Why I Want to Be A Nurse

A couple weeks ago, I wiped a woman’s butt for the first time. 

Now before you readers freak out, I was volunteering at the hospital and assisting a healthcare worker in changing a patient’s diaper.

To be completely honest, it’s not as bad as you think it would be. I would say that the smell is probably the worst of it. But the truth is, helping someone with such a basic task gives you a sense of achievement. You really feel like you have been close with this person, because they are in such a vulnerable state. One of the reasons why I love nursing is that you get to help people when they are truly at their worst. 

Yes, being near human feces is gross. But it’s so much bigger than that. When you are doing these tasks, you get to focus on the big picture. This is a person, who deserves your utmost respect and care. And it is a privilege to be let into their world and be able to assist them in these small ways. No matter how small the task may seem, it is helping to improve their quality of life, or at least their day in general.

Now, I don’t want to act like I’m out saving the world just because I’m changing diapers.

But I truly feel awesome knowing that I can help change someone’s day for the better, even if it’s as simple as helping them meet their basic needs.

In the hospital, people struggle with all kinds of tasks that we often take for granted. For example, using the bathroom, taking a shower, changing your own clothes, or even being able to reach the telephone on the other side of the bed. I get to help these people with these small things and help them feel just a little more in control and comfortable in an unfamiliar environment.

No one likes staying in the hospital, but I take it upon myself to make sure their stay is as comfortable as I can make it.

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9 Responses to Why I Want to Be A Nurse

  1. gpyrois says:

    Good for you, I wish you the best in your journey. Awesome

  2. braixetta says:

    Great. Was the person that you canged the daiper of an adult? Were they like never potty trained? Or were they elderly and couldn’t get out of bed so they needed you to wipe their bum? Well, that’s nice you have found what you wanna be. Good luck. 😉

    Good wishes,

  3. charlypriest says:

    Had to finally comment on this post, I think is great what your doing. My uncle passed away on the first of March of this year the strange coincidence is that it was the same date and same month of when my grandfather passed away quite some time ago. So maybe God works in some strange ways. Anyways, he´s last two months of life, (he died of Aids) he was very very week, and constantly we would be going in and out of the hospital, and you had to make him his food, help him stand up and wash him in the bath tup so he wouldn´t slip and fall, he sometimes urinated on himself because he had no strength to get out of bed and go to the bathroom so in the middle of the night,we told him not to be ashamed that I myself peed even in weirder places like in cars,(he knew I was talking when I got drunk) and always with precaution using gloves but constantly talking to him about some other thing like “common uncle I was having this dream of a sexy girl and you woke me up” that way he wouldn´t feel so selfconscious of me putting on the gloves and the rest, it´s always good to keep a sense of humour, runs in the family I guess because we joked about those little incidents, keeps morale up. So we, me and my mother, would clean him. Things got even worst obviously and his final 15 days of life where in the hospital and me and my mother rotating each other staying with him 24 hours me, next to his bed sitting in a uncomfortable chair or walking the halls of the hospital and then she would take the other 24 hours. He went into comma at 10 a.m, he was insulated so you actually had to walk inside that room with a vest and a mask on, one of the worst and good things it has happen in my life, since he saw the face of his loved ones up until the very end. And never mind that I myself almost died about 2 years ago, entered into the hospital in “shock” which as you know is the last step before going into a comma. So the reason that I´m telling you this, is that apart from having written about it so is nothing to hide, if it wasn´t for the doctors and specially the nurses who are there on a more constant basis with the patient or the people that they have to care for, the life of those people would be made even much more miserable. So good for you, it is rewarding also.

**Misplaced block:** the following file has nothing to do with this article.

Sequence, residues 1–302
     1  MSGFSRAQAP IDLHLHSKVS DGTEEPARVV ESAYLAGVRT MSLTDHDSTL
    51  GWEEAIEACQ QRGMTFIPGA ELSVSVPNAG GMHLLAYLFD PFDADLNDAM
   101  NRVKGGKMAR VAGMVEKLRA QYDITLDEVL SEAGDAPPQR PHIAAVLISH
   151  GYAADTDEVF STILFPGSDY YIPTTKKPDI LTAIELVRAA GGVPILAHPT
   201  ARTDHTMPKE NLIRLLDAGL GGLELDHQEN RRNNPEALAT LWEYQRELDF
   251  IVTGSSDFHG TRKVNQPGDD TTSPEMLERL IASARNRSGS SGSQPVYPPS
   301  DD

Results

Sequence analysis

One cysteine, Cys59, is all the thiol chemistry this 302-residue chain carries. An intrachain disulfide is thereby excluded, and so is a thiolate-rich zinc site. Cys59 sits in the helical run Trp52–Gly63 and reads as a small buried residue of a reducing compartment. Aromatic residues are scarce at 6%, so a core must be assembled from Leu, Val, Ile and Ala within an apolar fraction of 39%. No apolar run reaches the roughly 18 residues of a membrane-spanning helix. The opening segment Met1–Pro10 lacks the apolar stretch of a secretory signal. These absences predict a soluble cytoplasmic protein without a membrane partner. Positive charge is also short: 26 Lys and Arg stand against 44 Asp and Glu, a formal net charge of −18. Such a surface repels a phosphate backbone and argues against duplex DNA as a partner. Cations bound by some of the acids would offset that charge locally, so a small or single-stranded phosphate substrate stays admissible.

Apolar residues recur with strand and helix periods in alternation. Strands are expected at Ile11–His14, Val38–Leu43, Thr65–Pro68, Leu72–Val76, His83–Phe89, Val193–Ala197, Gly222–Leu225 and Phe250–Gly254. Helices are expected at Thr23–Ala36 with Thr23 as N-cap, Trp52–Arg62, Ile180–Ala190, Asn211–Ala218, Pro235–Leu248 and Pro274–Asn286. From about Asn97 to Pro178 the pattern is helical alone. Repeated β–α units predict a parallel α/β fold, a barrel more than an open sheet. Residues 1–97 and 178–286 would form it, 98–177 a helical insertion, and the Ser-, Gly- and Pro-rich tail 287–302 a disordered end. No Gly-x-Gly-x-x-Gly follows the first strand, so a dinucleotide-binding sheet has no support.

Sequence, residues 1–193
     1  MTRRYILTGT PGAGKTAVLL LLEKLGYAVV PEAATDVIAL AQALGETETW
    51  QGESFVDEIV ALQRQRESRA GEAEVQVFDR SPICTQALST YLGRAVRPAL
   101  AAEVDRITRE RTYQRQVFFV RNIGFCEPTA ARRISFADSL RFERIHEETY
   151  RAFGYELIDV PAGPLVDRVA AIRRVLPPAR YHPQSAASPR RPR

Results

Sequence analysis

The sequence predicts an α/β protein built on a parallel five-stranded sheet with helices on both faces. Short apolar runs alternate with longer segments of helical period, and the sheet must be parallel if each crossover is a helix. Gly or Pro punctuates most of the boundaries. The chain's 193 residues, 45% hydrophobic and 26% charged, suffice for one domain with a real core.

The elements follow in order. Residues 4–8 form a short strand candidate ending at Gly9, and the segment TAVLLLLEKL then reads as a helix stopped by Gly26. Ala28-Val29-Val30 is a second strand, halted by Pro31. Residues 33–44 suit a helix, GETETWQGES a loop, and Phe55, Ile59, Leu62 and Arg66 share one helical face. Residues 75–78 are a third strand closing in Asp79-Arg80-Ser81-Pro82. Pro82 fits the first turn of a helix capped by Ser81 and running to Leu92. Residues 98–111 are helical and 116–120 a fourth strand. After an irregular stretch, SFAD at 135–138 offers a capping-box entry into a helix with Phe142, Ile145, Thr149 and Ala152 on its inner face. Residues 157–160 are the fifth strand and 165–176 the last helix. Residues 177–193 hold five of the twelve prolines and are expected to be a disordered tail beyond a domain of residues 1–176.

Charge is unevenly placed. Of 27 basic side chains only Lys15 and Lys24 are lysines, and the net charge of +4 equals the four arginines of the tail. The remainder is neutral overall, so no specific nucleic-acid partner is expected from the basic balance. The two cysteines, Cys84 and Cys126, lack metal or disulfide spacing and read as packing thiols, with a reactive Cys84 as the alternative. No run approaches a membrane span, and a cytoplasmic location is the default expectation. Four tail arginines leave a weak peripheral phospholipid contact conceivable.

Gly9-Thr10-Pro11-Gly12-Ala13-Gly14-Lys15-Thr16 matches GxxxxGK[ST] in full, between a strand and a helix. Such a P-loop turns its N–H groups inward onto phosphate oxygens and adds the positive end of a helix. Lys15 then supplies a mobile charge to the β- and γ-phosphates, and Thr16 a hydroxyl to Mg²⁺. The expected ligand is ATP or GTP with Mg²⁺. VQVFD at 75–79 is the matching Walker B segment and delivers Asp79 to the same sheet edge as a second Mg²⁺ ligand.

• Wow. Thank you so much for sharing your story. It sounds like it was a very difficult time for him as well as your family. May he rest in peace. He was lucky to have such caring family members always around him. I think one of my favorite things about volunteering in the hospital is that people kind of let you into their family. Sometimes you get to know their names, likes and dislikes. Sometimes you don’t talk at all, simply because, or there might be a language barrier. But sometimes body language tells all. One time I was helping a family take care of their loved one, and the grandmother just kind of rubbed my back. I thought that was so sweet. The smallest things you do for someone, bringing them water, smiling, checking up on them really do mean a lot. Somehow you just get this good feeling when you do kind things for others and you see that they really appreciate it. Thanks again for sharing, stories like yours want me to be a nurse even more.

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